Caitlin Grey (foenix) wrote,
Caitlin Grey

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Visions of a Parallel World: Prologue

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Here we go again. ;)

Kicking off my newest NaNoWriMo story with the entire prologue of the story.  As always, a little rough, but I think this is my strongest first day writing for a number of years of doing this.

Edit: Oops, just noticed some format glitches from some settings.  I'll fix that when I wake up. =)

Visions of a Parallel World

Prologue - Somewhere Out There

        This is not the world we would have made for ourselves.  The world is wrong.  The question is, wrong for whom?
        Popular opinion would say it is wrong for the people living upon it.  Even with greed, and quests for power, or just plain stupidity, it can be hard to believe that the human race would cause such damage to their own world.
        There are other worlds though, worlds beyond imagination.  Or even just within the imagination.  Distant worlds, and yet closer than any world could possibly be.
        Charlie Boxer has seen these worlds before, almost his entire life.  At least as long as he could remember, he could see them.  Strange worlds that could never have been the one he walked through every day.
        He doesn't remember when they started appearing to him, to do so would be like trying to remember his first step, or the first time he blinked.  Once upon a time, Charlie thinks he may have been mostly vision free, but he does remember they started out as dreams.
        If one were to ask him, he could never say with any certainty when he had that first dream, but he remembers what it was like, since every week for almost his entire life until he graduated high school, he would be woken up in the darkest dark of night, cold sweat dripping from his brow, a bead of it moving down the ridge of his nose and dangling from the very tip before it fell.
        He even remembers the screaming, he remembers that even more than any other detail.  Those first few months were hell on the young boy everyone called Charlie.
        No mother can resist the cry of her children, and Darlene Boxer was no different.  Charlie may not have remembered the first few months of his life, but his mother recalled every sleepless night.  While the boy thought the dreams didn't start until childhood, he was much younger, almost a newborn, when they first appeared.
        Charlie would never remember those early years - who does? - and his mother had no clue why her child, fresh from her womb, would wake up in those wee hours of the night, screaming like the hounds of hell were on his heels.
        His cries pierced the quiet darkness of the house louder than any smoke alarm, and within a matter of minutes, the baby's breathing was ragged, strained.  He was unable to make a noise worse than a raspy, gasp for air.  Darlene would rush to the crib to comfort her boy, holding the tiny bundle of flesh to her bosom, but to no avail.  The nightmares had their hooks into him, and they would not let go.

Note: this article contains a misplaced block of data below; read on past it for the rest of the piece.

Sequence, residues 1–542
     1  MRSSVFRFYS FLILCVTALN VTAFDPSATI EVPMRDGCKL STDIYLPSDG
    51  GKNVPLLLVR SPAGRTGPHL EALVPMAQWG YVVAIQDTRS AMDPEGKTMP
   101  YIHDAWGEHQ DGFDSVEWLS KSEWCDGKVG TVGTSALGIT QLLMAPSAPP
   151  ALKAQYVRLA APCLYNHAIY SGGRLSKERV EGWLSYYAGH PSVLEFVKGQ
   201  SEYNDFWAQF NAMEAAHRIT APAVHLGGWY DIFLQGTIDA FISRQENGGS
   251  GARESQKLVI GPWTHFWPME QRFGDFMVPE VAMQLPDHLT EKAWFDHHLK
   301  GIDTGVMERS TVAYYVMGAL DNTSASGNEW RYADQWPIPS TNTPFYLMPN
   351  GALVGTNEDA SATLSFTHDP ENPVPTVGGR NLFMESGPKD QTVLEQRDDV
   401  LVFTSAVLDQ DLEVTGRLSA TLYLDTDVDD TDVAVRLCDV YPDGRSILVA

For an entire week, Darlene was woken up by that same scream, to the point where she was unable to sleep, never knowing how long her eyes would be closed before they were forced open again, and rushing to the crib, before she had even realised she was out of bed.
        By the seventh day, she was a nervous wreck.  While Charlie was able to get a few hours of sleep around his nightmares, Darlene was sleeping less and less.  With her husband off working the night shift at the local granite quarry as a watchman, it was up to her to try to help Charlie, but there was nothing she could do.
        After too much coffee, and not enough sleep, had begun taking it's toll, Darlene found herself sleeping on a chair next to Charlie's crib, to be nearer to him.  She had taken him to several local doctors, but none could find even the slightest thing wrong with the young boy.  In fact, physically, Charlie was in perfect health for a baby, even better some would say.  Expected infections and illnesses passed him by while going on to other children.  All Darlene could do was deal with the nightmares as long as they lasted.
        Several more days passed with Charlie's screams tearing through the night, with his mother ever at his side.  Somehow, she was even beginning to grow accustomed to them, the horrific event almost becoming so routine that she was finding herself able to sleep before the baby would wake her once more.
        As it had to do sooner or later, Charlie began sleeping through the night.  The first time, his mother was surprised when her eyes opened not because of the impossibility of her son's scream, but from the sun creeping over her toes and up her legs.  She first thought she had somehow slept through the nightmares, but Charlie lay sleeping in his crib, more peaceful than she had ever seen him.
        More time passed, and he continued to sleep through the night.  Darlene assumed she was somehow responsible, her presence comforting Charlie in his sleep, thinking that all he wanted was his mother nearby.  This was far from the truth, and no one ever knew why, but it was a comfort to Darlene that he was sleeping through the night, that was all that mattered.
        She remained on her chair for another handful of nights, before at last feeling comfortable enough with her son's state that she could return to the comfort of her own empty bed, instead of trying to sneak into it before her husband stumbled through the front door.
        It seemed as if everything was back to normal in the Boxer house, at least for half a decade.
        With five years passed, that first night a growing Charlie let out a familiar scream, Darlene thought she was the one having the nightmare.  Old habits were hard to kill, even after so much time, and she found herself beside Charlie's bed, the crib long since retired, before either of them knew it.